A marquee sign along Central Street in Millinocket informs people where to register for a COVID-19 vaccine on March 26, 2021. Credit: Linda Coan O'Kresik / BDN

As COVID-19 hospitalizations increase in Maine, those over age 60 have been making up nearly three-quarters of admissions even as that age group leads in vaccinations and a higher share of younger people are being seriously affected.

Those over age 60 make up nearly two-thirds of the Mainers who have received their final COVID-19 vaccination, according to Maine Center for Disease Control and Prevention data. But the average age of hospitalized COVID-19 patients remained above 60 since vaccination efforts began, going from 74 in December to 66 in March, when the most recent data is available.

The increasing hospitalizations and the continuing effect on older Mainers are reminders of the virus’ serious effects on members of that population who have not been vaccinated, even though the state is quickly moving through its effort, with a high among states of 35 percent of people fully vaccinated here, according to a New York Times tracker.

Despite hospitalizations creeping up in April — a 38 percent increase from 74 on the first day of the month to 119 on Thursday — deaths have remained low at 21 so far this month. It is likely an effect of the vaccine campaign, which has dropped hospital admittances by 80 percent since the beginning of the year nationally, the Associated Press reported. Maine saw a similar drop.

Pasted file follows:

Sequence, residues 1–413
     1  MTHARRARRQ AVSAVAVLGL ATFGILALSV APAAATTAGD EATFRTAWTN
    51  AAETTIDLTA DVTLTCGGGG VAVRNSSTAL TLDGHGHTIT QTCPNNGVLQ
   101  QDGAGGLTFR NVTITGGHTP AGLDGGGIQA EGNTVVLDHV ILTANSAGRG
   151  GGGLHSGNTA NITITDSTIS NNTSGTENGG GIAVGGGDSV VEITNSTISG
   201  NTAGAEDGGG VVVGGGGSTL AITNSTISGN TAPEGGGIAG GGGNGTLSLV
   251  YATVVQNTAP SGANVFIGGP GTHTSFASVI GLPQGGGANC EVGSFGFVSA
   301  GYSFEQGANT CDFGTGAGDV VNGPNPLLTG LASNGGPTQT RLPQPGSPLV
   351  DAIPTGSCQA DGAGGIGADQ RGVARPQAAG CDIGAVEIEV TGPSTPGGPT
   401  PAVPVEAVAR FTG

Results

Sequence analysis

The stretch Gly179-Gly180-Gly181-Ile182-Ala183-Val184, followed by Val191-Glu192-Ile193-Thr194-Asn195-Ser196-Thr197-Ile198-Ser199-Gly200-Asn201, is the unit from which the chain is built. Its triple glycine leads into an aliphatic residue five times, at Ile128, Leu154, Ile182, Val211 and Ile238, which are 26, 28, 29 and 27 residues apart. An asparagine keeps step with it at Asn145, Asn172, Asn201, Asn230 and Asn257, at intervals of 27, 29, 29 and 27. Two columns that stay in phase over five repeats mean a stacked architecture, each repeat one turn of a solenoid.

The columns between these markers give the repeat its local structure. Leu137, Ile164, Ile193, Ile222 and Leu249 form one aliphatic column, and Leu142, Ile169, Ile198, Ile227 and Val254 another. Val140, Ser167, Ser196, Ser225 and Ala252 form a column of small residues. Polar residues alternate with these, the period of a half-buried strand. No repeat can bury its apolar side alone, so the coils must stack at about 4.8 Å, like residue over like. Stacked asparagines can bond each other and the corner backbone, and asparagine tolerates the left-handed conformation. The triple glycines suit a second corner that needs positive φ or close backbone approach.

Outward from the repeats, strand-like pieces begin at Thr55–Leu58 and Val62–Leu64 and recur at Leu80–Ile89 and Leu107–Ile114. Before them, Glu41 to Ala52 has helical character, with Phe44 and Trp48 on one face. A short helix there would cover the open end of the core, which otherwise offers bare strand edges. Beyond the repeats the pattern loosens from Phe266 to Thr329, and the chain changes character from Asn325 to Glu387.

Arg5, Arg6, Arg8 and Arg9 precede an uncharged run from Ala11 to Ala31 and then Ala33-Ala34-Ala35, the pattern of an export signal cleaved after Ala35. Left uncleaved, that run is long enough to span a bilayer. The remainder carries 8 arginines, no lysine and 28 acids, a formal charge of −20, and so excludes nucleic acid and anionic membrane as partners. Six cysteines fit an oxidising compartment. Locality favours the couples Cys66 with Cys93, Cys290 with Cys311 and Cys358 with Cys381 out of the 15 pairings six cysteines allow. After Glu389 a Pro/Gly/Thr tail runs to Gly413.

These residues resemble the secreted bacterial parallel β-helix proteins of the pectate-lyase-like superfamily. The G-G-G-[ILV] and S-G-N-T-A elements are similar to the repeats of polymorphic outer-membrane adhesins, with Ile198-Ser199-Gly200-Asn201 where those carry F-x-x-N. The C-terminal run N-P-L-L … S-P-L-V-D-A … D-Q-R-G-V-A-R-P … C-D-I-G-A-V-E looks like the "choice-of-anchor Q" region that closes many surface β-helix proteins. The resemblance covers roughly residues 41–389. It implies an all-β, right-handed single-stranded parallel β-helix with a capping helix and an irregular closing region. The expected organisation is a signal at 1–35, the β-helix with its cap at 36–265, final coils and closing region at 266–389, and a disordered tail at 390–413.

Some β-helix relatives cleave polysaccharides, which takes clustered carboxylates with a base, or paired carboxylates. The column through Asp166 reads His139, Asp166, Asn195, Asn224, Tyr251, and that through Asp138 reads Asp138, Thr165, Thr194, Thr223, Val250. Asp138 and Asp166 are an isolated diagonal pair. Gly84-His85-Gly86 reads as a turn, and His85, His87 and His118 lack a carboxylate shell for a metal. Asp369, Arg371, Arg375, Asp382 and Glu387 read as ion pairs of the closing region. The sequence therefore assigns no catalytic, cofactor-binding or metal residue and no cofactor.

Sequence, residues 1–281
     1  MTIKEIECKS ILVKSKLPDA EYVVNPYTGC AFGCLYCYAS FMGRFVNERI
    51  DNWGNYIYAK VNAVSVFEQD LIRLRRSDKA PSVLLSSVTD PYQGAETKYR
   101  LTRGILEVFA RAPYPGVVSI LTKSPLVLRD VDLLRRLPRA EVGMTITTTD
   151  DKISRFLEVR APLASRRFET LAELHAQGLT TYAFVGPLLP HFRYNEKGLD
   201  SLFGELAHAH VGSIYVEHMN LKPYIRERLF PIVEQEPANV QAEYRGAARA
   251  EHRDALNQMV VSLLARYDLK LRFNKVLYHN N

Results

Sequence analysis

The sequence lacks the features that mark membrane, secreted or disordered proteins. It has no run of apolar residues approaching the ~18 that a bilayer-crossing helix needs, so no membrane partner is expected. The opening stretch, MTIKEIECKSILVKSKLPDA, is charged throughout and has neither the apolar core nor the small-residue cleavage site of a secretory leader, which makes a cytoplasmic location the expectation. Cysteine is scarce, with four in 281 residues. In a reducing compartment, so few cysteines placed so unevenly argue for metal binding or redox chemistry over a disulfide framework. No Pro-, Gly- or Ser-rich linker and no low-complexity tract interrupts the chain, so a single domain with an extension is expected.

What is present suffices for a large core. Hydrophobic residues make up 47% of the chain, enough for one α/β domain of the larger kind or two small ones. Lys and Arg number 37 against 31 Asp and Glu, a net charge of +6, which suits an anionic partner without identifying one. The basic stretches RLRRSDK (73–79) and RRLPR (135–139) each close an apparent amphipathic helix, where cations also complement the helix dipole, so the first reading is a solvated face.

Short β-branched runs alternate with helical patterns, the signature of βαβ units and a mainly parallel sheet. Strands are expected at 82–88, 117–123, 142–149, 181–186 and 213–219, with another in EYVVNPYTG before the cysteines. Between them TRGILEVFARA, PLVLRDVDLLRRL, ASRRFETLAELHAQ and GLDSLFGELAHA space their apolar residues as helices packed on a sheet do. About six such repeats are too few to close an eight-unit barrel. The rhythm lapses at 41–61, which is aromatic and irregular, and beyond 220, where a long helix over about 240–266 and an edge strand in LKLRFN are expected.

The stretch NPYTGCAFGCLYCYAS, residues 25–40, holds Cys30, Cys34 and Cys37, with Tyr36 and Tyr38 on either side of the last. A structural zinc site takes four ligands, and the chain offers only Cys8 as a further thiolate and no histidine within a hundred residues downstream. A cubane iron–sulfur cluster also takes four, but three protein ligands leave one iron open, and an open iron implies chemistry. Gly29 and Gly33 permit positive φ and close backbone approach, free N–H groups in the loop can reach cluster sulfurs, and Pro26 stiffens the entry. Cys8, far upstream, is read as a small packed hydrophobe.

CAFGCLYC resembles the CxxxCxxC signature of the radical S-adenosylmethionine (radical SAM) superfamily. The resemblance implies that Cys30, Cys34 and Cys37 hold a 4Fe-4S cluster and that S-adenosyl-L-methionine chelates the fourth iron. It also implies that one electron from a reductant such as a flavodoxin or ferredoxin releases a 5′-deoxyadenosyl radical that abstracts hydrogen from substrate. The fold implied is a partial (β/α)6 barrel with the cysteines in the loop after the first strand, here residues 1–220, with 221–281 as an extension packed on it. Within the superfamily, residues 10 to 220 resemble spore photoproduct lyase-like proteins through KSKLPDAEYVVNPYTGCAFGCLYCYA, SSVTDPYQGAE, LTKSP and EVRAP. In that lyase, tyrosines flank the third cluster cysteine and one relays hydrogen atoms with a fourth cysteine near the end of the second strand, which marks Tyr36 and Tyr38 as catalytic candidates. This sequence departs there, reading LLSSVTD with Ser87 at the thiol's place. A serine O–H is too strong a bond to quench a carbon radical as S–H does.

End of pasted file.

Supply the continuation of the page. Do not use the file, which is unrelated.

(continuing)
Older adults were prioritized in Maine and the country’s vaccination efforts because older people have tended to suffer more severe cases of the virus. Nursing home outbreaks have dropped dramatically after making up the bulk of Maine’s COVID-19 deaths despite just representing 10 percent of cases while outpacing national trends, according to the Kaiser Family Foundation.

In Maine, 68 percent of those hospitalized with the virus were above the age of 60 in April 2020. That group made up 70 percent of those admitted in March. But the number dropped drastically since the high mark in December, going from 322 to 91 last month.

In contrast, people under age of 50 made up 5 percent of hospitalizations in April of last year and made up 14 percent of admittances in March. The 18 people in that age group hospitalized last month represented three fewer admittances than in December.

Hospitalization among younger people is increasing nationally but not uniformly in states. New Jersey saw a 31 percent increase in hospitalizations between those aged 20 and 29 in March, while Michigan saw a staggering 633 percent increase in hospitalizations for those aged 30 to 39, according to The Detroit News.

Maine Center for Disease Control and Prevention Director Nirav Shah said the increase in younger hospitalizations may not be a huge fluctuation but was concerning because younger people typically experience less severe cases of COVID-19.

While older adults have been prioritized for vaccinations, everyone in that age group is not immunized against the virus, he said. Only 40 percent of Mainers have received their second dose.

According to the federal CDC, people above age 85 are most at risk of getting sick, being hospitalized or dying. The risk decreases in lower age bands. A person’s disease can also be complicated if they have co-occurring health conditions.

Shah pointed specifically to the virus’ effects on the respiratory system, which can include pneumonia and sepsis, according to Johns Hopkins Medicine. It can also create long-lasting scarring in the lungs. He also pointed to “long haul” COVID-19 cases, where symptoms can last far beyond the typical two-week infection period.

“When it affects people in an aggressive manner, it affects them in the same and difficult ways,” Shah said.